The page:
About

I am a Lecturer in the Department of Languages, Cultures and Linguistics within the School of Humanities, Arts, and Social Sciences. An oral historian, I conduct research engaging with religious discourses in memory and history. Interested in emotion in testimonial narration, I have explored how trauma studies intersects with feminist theology, with insights for memory studies. My PhD project, which resulted in a monograph published in 2020, discussed how the atomic bombing of Nagasaki marginalised an already discriminated-against community, the Catholics. Interviewing nine Catholic survivors of the bombing, I found that the ancestors of these interviewees were ‘Hidden Christians’, who had returned to Catholicism after two-hundred and fifty years of persecution by the shogunate. I am currently co-editing a book for a project in the area of Cultural Histories of Sense, tentatively entitled ‘Olfactory Cultures of Asia’. Other work includes a project on religious fundraising in history and another entitled ‘Loves and Loyalties in Imperial Japan’. I am preparing to launch new fieldwork in the boundaries of the Nagasaki region, which I intend to use in a comparative project in East Asia, most likely compared to Korea and China.

Education

PhD in Historical Studies (Japanese) at Monash University 2018

MDiv University of Divinity, 2009

BA (Hons) Monash University, 1994

Other Publications

1.     McClelland, G. (2020) Dangerous Memory in Nagasaki: Prayers, Protests and Catholic Survivor Narratives. Asia’s Transformations Series, London and New York: Routledge. Available in 195 libraries around the world (WorldCat); Invited book talks include seven in 2019 in Japan, and three in Australia in 2020, associated with the 75th anniversary of the atomic bombing. Discussed the book on Radio Australia on two separate occasions and on the “This Catholic Life” Podcast, Sydney.


2.     McClelland, G. (2020) Mary, Mothers, Lament and Feminist Theology: The Dead non-war heroes of Nagasaki. Journal of Feminist Studies in Religion, Indiana University Press. Scimago Q1 Journal in Religious studies.


3.     McClelland, G. and D. Chapman (2020) Silences: The Catholics, the Untouchables and the Nagasaki Atomic Bomb, Asian Studies Review, Special Focus on Modern Japan, 44:3, 382-400. This journal is Scimago Q1 Journal in History and Cultural Studies and the article itself has a current Altmetric of 10.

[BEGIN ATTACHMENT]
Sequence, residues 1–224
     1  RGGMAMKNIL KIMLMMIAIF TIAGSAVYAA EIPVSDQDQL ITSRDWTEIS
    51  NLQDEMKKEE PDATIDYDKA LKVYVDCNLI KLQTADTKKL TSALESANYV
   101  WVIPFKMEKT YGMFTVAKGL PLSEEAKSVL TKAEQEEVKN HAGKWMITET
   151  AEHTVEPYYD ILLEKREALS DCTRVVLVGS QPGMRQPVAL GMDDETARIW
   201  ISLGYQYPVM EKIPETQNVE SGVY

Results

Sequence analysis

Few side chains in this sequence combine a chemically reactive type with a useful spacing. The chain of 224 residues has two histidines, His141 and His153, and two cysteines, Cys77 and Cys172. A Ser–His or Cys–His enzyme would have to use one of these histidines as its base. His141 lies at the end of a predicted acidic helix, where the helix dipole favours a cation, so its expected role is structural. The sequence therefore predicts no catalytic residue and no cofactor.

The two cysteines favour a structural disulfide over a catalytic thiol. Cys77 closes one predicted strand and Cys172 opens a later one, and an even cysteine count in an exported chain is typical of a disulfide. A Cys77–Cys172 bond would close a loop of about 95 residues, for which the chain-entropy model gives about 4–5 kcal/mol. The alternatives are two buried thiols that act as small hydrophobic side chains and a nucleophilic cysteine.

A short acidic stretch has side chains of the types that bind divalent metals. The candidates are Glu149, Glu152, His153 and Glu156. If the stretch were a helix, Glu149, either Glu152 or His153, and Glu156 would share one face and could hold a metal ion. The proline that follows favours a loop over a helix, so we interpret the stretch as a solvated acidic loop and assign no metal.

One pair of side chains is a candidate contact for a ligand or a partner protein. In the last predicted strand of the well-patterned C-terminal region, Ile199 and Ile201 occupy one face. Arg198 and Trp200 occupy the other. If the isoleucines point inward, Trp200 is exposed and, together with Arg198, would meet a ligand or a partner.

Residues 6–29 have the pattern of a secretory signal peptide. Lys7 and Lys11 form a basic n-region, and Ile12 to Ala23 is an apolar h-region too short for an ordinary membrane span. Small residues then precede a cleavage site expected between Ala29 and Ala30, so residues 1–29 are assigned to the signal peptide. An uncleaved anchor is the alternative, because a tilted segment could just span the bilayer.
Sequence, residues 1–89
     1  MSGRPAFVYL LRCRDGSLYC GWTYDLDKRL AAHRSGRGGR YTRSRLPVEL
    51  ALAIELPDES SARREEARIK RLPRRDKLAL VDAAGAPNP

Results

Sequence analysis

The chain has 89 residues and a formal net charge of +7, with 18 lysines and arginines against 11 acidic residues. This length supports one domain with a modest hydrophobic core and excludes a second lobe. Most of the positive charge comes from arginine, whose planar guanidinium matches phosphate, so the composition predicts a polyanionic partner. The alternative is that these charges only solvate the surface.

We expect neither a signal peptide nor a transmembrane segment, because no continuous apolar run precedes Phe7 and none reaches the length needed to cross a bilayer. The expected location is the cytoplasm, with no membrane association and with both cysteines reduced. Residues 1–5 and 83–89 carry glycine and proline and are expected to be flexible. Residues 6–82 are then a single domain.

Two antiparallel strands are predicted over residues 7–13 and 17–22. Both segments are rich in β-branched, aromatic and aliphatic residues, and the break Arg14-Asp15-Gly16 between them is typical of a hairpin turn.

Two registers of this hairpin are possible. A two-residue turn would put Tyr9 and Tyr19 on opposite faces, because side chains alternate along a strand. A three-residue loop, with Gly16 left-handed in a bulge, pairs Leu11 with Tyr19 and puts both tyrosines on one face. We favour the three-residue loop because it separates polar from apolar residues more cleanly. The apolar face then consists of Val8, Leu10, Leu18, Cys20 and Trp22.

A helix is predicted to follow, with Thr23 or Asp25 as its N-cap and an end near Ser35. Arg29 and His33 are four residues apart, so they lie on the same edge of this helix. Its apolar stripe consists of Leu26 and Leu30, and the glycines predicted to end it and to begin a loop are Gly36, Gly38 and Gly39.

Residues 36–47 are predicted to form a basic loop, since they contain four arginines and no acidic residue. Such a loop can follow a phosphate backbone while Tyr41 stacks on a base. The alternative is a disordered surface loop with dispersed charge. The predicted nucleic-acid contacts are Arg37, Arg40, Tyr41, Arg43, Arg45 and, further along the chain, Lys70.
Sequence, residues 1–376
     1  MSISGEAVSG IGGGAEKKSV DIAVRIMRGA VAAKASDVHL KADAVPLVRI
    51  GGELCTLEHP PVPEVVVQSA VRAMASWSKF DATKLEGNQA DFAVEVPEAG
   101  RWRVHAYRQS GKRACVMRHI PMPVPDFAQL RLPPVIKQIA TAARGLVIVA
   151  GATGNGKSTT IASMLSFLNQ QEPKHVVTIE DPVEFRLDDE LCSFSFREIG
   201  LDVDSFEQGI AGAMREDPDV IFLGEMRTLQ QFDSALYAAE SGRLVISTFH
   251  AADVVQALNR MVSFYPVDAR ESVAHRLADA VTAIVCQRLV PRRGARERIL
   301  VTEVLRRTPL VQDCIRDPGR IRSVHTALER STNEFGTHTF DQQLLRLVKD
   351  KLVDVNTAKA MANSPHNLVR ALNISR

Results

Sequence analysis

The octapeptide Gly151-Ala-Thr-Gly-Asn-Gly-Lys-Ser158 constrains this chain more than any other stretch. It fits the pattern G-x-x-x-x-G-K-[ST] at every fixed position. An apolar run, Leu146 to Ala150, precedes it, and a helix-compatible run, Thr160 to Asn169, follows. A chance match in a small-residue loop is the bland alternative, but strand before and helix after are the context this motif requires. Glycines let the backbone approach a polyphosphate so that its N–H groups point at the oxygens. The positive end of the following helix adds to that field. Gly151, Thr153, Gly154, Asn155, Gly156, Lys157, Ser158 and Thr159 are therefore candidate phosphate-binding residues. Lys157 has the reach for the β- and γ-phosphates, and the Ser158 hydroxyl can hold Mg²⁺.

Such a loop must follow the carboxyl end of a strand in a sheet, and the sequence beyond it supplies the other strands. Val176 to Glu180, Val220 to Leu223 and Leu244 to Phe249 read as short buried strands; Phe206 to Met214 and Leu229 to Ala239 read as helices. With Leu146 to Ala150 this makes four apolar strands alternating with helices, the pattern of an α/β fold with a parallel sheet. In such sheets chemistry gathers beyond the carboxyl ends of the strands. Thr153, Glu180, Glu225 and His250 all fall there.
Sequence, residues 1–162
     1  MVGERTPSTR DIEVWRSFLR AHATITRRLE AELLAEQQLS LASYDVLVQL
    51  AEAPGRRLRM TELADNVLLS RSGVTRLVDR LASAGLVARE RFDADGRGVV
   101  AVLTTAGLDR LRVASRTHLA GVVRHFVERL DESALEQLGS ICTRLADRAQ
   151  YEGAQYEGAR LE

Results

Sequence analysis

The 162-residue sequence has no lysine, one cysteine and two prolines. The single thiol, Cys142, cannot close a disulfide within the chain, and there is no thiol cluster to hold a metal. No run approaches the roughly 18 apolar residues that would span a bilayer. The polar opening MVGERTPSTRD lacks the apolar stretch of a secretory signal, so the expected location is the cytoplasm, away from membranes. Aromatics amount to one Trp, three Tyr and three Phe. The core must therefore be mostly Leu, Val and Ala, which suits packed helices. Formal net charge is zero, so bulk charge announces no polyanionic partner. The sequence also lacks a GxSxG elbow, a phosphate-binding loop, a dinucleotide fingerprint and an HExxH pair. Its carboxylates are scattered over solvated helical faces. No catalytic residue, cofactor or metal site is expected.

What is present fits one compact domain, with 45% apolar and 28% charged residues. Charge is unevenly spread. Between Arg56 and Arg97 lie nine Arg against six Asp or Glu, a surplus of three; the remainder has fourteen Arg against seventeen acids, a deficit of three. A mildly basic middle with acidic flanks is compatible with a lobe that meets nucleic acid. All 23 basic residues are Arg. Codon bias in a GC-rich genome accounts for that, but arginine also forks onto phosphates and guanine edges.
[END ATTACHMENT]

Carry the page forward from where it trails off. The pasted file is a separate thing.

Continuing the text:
4.     McClelland, G. (2019) Echoes of the Past on the Atomic Field: Water please! The Asia-Pacific Journal/Japan Focus 17 (16). RG 0.6


5.     McClelland, G. (2018). Re-interpreting hansai: burnt offerings as the Nagasaki atomic bomb in D. W. Kim (ed) Colonial Transformation and Asian Religions in Modern History, Cambridge Scholars Publishing, 230-260. 


6.     McClelland, G. (2017). The Mother of Sorrows as Hibakusha, in Elena Shabliy (ed) Representations of the Blessed Virgin Mary in World Literature and Art, 111-131.


7.     McClelland, G. (2016). Remembering the ruins of the Urakami Cathedral: Providence or Fifth Persecution? Journal of Religion in Japan, 5 (1), 47-69.


8.     McClelland, G. (2015). Guilt, Persecution and Resurrection in Nagasaki: Atomic Memories and the Urakami Catholic Community. Social Science Japan Journal 18 (2), 233-240.


9.     McClelland, G. (2015). Ground Zero Nagasaki: Stories. ERAS Journal 17 (1), 106-112.


10.   McClelland, G. (2011). Dangerous Memories and Mission in Nagasaki. Australian Journal of Mission Studies 5 (1), 19-26.

Blog Posts

    Projects


    • Co-editor with Dr Hannah Gould, Tentative title: ‘Olfactory Cultures of Asia’ Collection

    • Contributor to Special Issue, Journal of Cultural Economy, ‘Religious Fundraising in History’

    • Contributor to ‘An Emotional Revolution: Loves and Loyalties in Imperial Japan’ Collection, University of California, Santa Barbara

    Gwyn McClelland

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